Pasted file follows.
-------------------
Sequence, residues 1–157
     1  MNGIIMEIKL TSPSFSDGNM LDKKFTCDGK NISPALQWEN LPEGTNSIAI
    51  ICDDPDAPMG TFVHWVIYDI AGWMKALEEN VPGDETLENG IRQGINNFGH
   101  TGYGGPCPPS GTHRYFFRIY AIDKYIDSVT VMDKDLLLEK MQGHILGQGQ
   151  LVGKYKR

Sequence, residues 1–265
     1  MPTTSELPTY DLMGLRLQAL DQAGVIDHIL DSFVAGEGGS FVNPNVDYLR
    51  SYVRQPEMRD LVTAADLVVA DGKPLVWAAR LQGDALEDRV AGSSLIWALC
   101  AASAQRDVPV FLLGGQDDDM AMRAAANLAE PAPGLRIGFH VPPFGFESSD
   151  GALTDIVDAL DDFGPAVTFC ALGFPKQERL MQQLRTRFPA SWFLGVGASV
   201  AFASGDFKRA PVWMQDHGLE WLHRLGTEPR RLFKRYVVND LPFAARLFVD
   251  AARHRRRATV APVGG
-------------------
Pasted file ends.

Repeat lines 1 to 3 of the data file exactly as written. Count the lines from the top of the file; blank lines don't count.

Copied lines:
Sequence, residues 1–157
     1  MNGIIMEIKL TSPSFSDGNM LDKKFTCDGK NISPALQWEN LPEGTNSIAI
    51  ICDDPDAPMG TFVHWVIYDI AGWMKALEEN VPGDETLENG IRQGINNFGH